Comparison between the 4K Blu-ray (identical worldwide and presumably soon to be common on streaming providers with UHD option) and the Blu-ray version (first released in 2012, only repacks were re-released in the new set in 2021 as well).
Indiana Jones and digital changes to re-releases for classics
In May 2020, we were able to report that Star Wars had received digital adjustments for its 4K premiere. Undoubtedly, this series in particular has already been notorious for always making new changes with another medium since the laserdisc, and George Lucas is a favorite bogeyman among many a purist-minded fan. But over the years, other directing legends have also liked to make subtle changes to their classics: Sam Raimi, for example, covered-up several goofs in Evil Dead. Another example would be James Cameron. He made various retouchings in Terminator 2 for the 4K/3D release and also extensively reworked Titanic.
Indiana Jones was Harrison Ford's second really big franchise lead role after Han Solo. Here, too, George Lucas had a say as producer and left the direction to the then up-and-coming Steven Spielberg. Spielberg, in turn, is no stranger to subsequent improvements of his classics with modern computer technology. His special edition of E.T., in which the military suddenly waved around with walkietalkies instead of weapons, is unforgotten. And that brings us to the crux of the matter: In all three parts of the Indy "original trilogy", various (mini-)corrections can now be found in the picture material in the 4K UHD premiere, which has been available since June 10, 2021.
For the most part, we can summarize that this is due to the higher resolution on the one hand, which now makes small details visible that were previously barely noticeable for short moments or only comparatively small in the background. On the other hand, various optical effects and transitions to matte paintings have been slightly polished up with modern technology. The films are otherwise still frame-exactly identical and most of these changes can definitely be classified as positive. Nonetheless, they are after-the-fact edits.
The adaptations for part 1 - Raiders of the Lost Ark
For the present first part, Raiders of the Lost Ark, one can first note that several minor film flaws have already been touched up in all digital releases since the 2003 DVD premiere. The most famous is the reflection of the snake in the glass in front of Indy, but also retouched wire ropes or other typical aids of analog special effects were addressed here. So the film has always been a "burned" child as far as changes to the original Theatrical Version are concerned - even though the interventions were by no means as extensive and interfered with the plot itself as in E.T. or Star Wars.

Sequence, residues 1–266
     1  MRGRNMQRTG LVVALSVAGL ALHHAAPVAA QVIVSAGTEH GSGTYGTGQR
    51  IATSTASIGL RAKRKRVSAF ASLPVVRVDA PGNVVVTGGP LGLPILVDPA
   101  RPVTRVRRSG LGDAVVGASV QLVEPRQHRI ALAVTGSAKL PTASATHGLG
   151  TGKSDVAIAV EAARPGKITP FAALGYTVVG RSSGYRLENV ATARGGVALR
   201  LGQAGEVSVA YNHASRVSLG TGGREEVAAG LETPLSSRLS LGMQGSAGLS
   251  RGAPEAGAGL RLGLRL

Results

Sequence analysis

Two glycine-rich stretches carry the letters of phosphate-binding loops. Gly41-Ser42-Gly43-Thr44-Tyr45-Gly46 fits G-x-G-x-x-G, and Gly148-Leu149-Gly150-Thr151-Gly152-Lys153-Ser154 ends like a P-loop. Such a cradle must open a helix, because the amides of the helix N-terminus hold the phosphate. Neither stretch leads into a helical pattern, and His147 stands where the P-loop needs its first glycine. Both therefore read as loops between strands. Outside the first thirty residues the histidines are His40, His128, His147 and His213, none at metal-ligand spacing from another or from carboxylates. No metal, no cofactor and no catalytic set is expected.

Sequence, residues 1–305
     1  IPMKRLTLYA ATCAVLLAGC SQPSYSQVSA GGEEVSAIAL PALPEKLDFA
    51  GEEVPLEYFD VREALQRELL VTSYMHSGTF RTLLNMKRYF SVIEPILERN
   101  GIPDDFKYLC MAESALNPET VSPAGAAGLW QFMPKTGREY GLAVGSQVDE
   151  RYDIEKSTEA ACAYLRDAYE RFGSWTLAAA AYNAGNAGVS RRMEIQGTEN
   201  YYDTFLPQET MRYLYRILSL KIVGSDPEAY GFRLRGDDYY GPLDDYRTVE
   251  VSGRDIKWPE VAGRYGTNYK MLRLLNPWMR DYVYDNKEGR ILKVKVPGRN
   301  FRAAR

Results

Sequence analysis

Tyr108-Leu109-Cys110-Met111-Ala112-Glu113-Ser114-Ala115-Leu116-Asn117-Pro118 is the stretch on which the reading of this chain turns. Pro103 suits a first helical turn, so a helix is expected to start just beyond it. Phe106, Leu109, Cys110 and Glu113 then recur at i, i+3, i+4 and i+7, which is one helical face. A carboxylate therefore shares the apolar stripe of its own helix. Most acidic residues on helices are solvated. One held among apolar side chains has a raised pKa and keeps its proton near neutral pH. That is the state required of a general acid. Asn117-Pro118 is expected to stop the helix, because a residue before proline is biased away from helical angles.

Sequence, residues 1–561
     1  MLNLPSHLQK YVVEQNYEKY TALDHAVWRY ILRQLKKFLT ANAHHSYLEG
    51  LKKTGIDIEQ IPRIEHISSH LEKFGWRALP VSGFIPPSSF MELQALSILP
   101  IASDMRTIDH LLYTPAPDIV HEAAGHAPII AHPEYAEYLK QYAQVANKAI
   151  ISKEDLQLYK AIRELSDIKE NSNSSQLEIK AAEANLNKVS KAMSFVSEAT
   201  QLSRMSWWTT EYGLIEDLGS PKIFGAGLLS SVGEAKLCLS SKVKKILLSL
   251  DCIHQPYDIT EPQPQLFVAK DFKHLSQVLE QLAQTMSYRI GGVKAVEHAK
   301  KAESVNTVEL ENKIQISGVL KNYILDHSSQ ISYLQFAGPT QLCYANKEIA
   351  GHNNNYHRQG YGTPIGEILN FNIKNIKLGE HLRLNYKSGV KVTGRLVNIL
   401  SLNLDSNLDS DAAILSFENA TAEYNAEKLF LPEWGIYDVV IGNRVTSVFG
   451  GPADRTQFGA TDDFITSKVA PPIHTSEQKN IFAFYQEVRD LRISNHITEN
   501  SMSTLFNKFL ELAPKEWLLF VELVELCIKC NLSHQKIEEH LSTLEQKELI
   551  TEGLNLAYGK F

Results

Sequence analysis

What caused an uproar in advance in forums, such as the thread on Blu-ray.com, which already counted 250 pages on the release date, were screenshots of individual scenes and finally at Caps-a-holic. Especially the scene of the nighttime digging at the "Well of Souls" stood out, as several characters were suddenly slightly distorted in this frame-by-frame shot. Here it became apparent that this effects shot had been digitally remounted. An uncritical revision in itself, but reason enough to take a closer look at the rest of the film in direct comparison.
It was also much discussed that in the finale, the lamp on the pole to which Indy and Marion are tied now looks uniform. This was probably done partly for continuity reasons, though ultimately inconsistently implemented. Beyond that, what stands out most, as mentioned above as a summary for all three parts, are reworked transitions of matte paintings and visual elements. We can basically state that the changes might not have been necessary, but they don't really harm the film either. And qualitatively, the new 4K Blu-ray is clearly superior to the previous Blu-ray, so we can give it a clear recommendation to buy.
Finally, two disclaimers:
1) Both the referenced image comparisons and especially our screenshots, which are heavily compressed in size, should be taken with a grain of salt when it comes to a quality verdict. On the one hand, the detail gain is only visible on good UHD equipment. On the other hand, these are HDR->SDR converted images. The additional color space results in a different picture when played back on the TV in HDR, so that the SDR screenshots, which tend to be a bit darker, only show "half the truth".
2) Of course, we compared the complete film specifically with the new 4K set, which also includes Blu-ray repacks of the old discs in Germany. At this point, however, special thanks go to the users in the Blu-ray.com forum, by whom many of the mentioned differences were noticed for the first time and were analyzed in more detail. Due to the deliberately rather inconspicuous nature of such changes, we would also like to give no guarantee here that all digital changes were found and listed in the report.
The lettering "South America 1936" can be seen a bit longer in the 4K version: This now goes all the way to the end of the shot, while the old version faded out just under 2sec before.